Spanish parliament approves controversial labour reforms

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Spain's parliament gave final approval Monday to hotly disputed labour reforms aimed at slashing the soaring jobless rate and reviving the fragile economy.

The reforms -- which will make it easier and cheaper for employers to fire workers -- have angered unions, who have called a general strike for September 29 in protest.

The lower house of parliament approved the new law, including some amendments introduced by the Senate, in the final step of a parliamentary process.

Spain's unemployment rate has soared to more than 20 percent, the highest in the 16-nation eurozone, following the collapse of the building sector at the end of 2008.

The rise in joblessness has jacked up government spending on unemployment benefits, pushing Spain's public deficit to 11.2 percent of gross domestic product last year, the third-highest in the eurozone after Greece and Ireland.

The International Monetary Fund has said the labour market reforms are "absolutely crucial" if Spain is to cut its jobless rate and rein in the deficit.

The Spanish cabinet passed its own version of the reform in June after three-way talks with unions and employers collapsed after nearly two years. The lower house of parliament gave preliminary approval the same month.

The country's two main unions accuse the government of abandoning its commitment to liberal social policies with the reforms, which they charge will merely delay an economic recovery.

The government staunchly defended the measures Thursday.

Unemployment "continues to be the main economic challenge" facing the country and the new measures will "generate employment and stability," said Minister of Public Works and Transport Jose Blanco.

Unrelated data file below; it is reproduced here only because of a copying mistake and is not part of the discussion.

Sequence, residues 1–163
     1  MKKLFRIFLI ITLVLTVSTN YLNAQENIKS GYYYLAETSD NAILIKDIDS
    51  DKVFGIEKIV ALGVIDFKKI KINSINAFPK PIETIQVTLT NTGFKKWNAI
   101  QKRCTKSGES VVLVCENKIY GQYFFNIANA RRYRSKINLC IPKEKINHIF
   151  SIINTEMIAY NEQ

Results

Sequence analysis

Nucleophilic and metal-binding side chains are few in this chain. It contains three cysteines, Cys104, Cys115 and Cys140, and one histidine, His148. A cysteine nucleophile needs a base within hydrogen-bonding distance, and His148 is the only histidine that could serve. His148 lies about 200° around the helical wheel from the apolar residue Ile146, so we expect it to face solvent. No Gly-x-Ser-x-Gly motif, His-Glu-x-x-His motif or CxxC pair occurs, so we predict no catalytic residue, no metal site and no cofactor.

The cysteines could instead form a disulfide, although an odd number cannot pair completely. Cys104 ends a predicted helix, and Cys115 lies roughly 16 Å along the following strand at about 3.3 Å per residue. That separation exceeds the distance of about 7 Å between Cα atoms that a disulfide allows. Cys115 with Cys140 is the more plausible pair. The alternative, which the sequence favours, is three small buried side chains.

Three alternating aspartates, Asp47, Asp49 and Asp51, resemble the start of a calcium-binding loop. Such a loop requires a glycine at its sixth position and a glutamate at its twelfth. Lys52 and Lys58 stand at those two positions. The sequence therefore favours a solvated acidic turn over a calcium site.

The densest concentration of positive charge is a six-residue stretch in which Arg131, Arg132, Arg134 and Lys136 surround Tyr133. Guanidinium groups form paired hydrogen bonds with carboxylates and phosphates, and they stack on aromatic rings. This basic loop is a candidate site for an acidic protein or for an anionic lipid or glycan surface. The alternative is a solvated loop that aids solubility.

They are "positive for all workers, for those that have jobs as well as those who are trying to find them," he told an economic forum in Madrid.

"Even though this reform will not be enough to resolve all our employment problems, it will of course make the path easier."

Many economists blame the high jobless rate on the cost of firing workers in Spain, which makes employers reluctant to hire permanent staff and encourages the use of temporary contracts that have few benefits and rights.

Workers on full contracts are entitled to severance pay of as much as 45 days per year worked, one of the highest levels in Europe. Under the government reform this would be reduced to 33 days for some contracts.

The plan also includes the creation of a government-sponsored fund for each worker that could be used by firms to pay a portion of an employee's severance in case of a dismissal.

Spain plunged into its worst recession in decades at the end of 2008 following the collapse of a decade-long property boom and only returned to tepid growth this year.

Zapatero's government passed a 15-billion-euro (19-billion-dollar) austerity plan in May aimed at shoring up Spain's public finances amid investor concerns it could follow Greece into a financial crisis.

The plan is on top of a 50-billion-euro package of spending cuts announced in January designed to progressively slash the public deficit to the eurozone limit of three percent of gross domestic product by 2013.

© 2010 AFP

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